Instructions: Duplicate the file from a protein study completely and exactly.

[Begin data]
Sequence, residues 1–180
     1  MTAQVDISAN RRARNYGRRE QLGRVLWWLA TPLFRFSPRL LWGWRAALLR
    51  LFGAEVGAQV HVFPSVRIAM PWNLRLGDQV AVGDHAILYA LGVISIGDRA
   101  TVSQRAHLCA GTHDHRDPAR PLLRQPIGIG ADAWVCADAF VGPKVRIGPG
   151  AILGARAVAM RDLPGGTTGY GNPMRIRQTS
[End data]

Sequence, residues 1–180
     1  MTAQVDISAN RRARNYGRRE QLGRVLWWLA TPLFRFSPRL LWGWRAALLR
    51  LFGAEVGAQV HVFPSVRIAM PWNLRLGDQV AVGDHAILYA LGVISIGDRA
   101  TVSQRAHLCA GTHDHRDPAR PLLRQPIGIG ADAWVCADAF VGPKVRIGPG
   151  AILGARAVAM RDLPGGTTGY GNPMRIRQTS